He’s not alone is saying this, Paul said much the same, John too, and it was Jesus who said, ‘Anyone who loves their father or mother more than me is not worthy of me; anyone who loves their son or daughter more than me is not worthy of me.’ (Mt. 10:37)

From James to Jesus, the point is not that it is wrong to love others, because Jesus clearly taught us to love our neighbour…

 The point, however, is about who and what has the ultimate authority in our lives – is it God and His Kingdom values, or is it the values of the world? James has been trying to make the point throughout his letter that there are substantial differences between the values of the world and the values of God: instead of favouritism of self, sacrificial love is the way of God’s Kingdom; instead of religion in words only, we’re expected to partner in God’s Kingdom purposes; instead of words that lead to death, we are to speak life.

Doctor James has diagnosed that the reason for the disorder and fractiousness within these congregations, is that at heart they have aligned themselves with the values of the world, rather than the values of God. They have acted in an adulterous manner, they have been grievously disloyal.

Now, it’s unlikely these congregations were aware of the issue, it’s unlikely they consciously choose to disown God and follow the world; more likely they identified as Christians and yet they got sucked into a dubious way of life.

And that’s a bit of a scary thought: that genuine “brothers and sisters” in Christ, have the potential of to twist our desires so selfishly that we end up committing a grievous disloyalty towards God, we end up grieving God and arousing His jealousy, because we turn our backs upon God, even unconsciously.

I wonder, friends, does this make us stop and take stock? In the areas where we have disagreement, in the ways that our desires are not being met, in our unanswered prayers,…

 is there the possibility that these things are happening because we do not have the priorities of God? And as such, are we then grieving God? It’s a scary thought, it’s a thought should make us sit up and take stock: are we showing grievous disloyalty to God?

James writes this way, not only because it’s true, but to help his readers wake up, rub the sleep from their eyes and take a long hard look in the mirror. Yet he doesn’t leave them there, for in verses 6 to 10, James shares with them his solution, the doctor proscribes the medicine, which is a grace-fuelled loyalty.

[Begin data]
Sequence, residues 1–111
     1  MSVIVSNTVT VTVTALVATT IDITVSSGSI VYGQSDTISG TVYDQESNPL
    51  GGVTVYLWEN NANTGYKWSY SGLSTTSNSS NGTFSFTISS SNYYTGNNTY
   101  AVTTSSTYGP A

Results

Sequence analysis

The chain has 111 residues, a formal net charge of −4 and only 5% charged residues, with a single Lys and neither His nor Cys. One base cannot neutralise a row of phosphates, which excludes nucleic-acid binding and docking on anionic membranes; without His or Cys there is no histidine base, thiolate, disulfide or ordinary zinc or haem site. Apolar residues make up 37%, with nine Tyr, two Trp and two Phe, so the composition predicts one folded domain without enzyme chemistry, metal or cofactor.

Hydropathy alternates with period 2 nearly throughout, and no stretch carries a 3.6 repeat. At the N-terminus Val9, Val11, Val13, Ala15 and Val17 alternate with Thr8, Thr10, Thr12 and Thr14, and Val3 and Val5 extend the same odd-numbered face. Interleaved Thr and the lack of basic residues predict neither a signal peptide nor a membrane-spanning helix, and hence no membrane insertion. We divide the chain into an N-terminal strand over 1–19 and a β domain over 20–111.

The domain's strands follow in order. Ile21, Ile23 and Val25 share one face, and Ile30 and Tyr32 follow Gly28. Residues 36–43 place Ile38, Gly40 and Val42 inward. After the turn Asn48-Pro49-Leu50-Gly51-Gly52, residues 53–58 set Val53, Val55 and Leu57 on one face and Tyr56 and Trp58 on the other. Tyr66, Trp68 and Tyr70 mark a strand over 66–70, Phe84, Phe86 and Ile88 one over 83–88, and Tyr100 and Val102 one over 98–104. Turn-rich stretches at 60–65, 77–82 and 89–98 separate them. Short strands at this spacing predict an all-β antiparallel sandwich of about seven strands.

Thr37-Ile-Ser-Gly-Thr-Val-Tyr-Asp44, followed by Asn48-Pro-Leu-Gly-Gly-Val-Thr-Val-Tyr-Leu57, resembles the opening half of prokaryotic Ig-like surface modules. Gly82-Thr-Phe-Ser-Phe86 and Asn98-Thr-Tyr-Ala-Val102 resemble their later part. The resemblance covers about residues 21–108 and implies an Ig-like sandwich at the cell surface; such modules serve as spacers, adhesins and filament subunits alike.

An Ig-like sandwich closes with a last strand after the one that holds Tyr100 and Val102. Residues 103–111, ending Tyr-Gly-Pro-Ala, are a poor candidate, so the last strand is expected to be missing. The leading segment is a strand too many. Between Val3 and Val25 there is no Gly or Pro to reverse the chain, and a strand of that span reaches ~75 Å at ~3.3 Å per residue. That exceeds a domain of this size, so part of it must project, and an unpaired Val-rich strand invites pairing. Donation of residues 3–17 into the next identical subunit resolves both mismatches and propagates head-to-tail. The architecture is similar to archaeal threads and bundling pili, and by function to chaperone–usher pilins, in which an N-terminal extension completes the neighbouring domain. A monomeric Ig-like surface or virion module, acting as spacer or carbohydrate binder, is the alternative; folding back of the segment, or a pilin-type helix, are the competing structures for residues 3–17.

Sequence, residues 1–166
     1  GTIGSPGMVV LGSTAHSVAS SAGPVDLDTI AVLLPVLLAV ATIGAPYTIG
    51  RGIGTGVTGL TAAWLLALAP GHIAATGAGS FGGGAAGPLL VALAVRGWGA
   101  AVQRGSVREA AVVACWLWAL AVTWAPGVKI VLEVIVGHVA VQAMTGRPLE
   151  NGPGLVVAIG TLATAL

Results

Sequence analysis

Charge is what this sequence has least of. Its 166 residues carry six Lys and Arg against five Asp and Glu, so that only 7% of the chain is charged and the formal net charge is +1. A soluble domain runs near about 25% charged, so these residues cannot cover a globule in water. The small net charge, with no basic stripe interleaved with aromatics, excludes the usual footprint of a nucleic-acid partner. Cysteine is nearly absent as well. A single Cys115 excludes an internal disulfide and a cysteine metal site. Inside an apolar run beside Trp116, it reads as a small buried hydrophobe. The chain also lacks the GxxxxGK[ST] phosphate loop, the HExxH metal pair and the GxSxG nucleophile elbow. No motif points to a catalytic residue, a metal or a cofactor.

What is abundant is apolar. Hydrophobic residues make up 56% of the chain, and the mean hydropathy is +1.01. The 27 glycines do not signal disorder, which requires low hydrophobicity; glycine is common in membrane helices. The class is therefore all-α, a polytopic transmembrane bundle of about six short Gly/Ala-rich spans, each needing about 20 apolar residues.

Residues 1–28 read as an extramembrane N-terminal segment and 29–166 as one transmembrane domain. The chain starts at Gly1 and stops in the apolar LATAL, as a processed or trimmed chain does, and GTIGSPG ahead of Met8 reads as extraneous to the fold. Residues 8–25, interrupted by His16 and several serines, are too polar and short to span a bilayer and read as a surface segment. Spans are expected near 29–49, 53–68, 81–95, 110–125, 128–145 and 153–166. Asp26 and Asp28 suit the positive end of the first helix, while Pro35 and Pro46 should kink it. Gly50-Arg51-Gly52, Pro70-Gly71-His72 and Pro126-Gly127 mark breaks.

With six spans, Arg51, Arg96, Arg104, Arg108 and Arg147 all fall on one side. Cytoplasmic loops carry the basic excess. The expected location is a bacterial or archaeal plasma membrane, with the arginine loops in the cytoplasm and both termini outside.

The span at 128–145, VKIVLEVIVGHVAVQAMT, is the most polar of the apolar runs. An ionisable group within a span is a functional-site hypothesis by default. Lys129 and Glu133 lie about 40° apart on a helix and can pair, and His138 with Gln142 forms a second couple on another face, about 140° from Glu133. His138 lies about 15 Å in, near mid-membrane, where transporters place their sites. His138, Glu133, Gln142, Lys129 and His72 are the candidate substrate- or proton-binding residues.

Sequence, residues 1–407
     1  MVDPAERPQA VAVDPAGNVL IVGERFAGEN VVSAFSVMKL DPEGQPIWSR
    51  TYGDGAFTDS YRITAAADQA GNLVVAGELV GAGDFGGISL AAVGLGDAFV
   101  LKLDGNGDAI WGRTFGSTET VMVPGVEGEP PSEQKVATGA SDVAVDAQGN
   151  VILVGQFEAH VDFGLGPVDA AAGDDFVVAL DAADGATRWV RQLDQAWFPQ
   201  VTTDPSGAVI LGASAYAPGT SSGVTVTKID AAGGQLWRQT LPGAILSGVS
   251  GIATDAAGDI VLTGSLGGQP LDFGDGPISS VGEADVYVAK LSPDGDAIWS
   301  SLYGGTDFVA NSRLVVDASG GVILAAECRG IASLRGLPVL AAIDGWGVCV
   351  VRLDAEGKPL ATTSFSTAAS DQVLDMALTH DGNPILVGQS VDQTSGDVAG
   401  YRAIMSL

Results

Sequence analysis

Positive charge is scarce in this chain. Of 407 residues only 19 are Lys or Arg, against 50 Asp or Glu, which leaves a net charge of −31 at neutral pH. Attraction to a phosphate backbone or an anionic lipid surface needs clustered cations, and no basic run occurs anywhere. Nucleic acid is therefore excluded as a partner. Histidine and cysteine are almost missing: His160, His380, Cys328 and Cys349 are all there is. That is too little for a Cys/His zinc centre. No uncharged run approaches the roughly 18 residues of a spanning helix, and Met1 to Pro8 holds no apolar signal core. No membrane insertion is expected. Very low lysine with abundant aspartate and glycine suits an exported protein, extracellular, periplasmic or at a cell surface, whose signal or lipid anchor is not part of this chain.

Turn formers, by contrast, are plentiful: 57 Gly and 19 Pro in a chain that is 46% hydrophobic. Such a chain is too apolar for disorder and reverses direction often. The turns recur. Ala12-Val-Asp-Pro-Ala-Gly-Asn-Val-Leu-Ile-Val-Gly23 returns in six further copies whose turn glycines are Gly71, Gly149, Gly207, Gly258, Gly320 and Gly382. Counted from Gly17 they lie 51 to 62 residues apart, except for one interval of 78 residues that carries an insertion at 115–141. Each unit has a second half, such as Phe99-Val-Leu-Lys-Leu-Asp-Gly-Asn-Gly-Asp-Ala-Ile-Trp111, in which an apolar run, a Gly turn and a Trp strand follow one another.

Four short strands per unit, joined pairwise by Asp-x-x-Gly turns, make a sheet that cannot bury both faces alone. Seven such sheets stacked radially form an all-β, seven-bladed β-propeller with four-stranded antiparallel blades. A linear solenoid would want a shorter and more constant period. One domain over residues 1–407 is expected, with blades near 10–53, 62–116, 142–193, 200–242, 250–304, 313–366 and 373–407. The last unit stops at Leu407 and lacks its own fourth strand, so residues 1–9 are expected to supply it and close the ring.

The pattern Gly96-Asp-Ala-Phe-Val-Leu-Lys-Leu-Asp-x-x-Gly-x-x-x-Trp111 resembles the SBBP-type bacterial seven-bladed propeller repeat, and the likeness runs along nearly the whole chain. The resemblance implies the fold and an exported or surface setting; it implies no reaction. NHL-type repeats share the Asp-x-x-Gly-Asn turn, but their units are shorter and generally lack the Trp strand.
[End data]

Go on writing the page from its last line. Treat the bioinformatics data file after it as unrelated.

He begins by quoting from Proverbs, that God shows favour, His grace, to the humble. The point James takes from the Scripture, is that those who will humble themselves,…those who can face up to the truth, God will come close and raise them up with His grace. And so, James says, ‘but he [God] give us more grace.’ (James 6:1)

One commentator wrote: “What comfort there is in this verse! It tells us that God is tirelessly on our side. He never falters in respect of our needs, he always has more grace at hand for us. He is never less than sufficient, he always has more and yet more to give. Whatever we may forfeit when we put self first…there is always more grace. No matter what we do to him, he is never beaten.…His resources are never at an end, his patience is never exhausted, his initiative never stops, his generosity knows no limit: he gives more grace.” (Motyer, James)

 He gives more grace. To a bunch of infighting, self-centred proud Christians, God is waiting with more grace. But to receive that grace, as the Proverb says, we must humble ourselves – or as James puts it: ‘Submit yourselves, then, to God…Humble yourselves before the Lord, and he will lift you up.’ (James 4:7, 10)

James is calling for fresh loyalty to God, borne out humility and fuelled by grace. This loyalty to God includes: resisting the devil (v7) and coming near to God in repentance (v8-9).

We probably feel a bit unsettled or confused with the first idea, of resisting the devil – we might even wonder what it means? But James has repeatedly raised the idea that what can fuel our poor choices…is that dominion which is opposed to God. It’s just that now, James is being specific and explicit.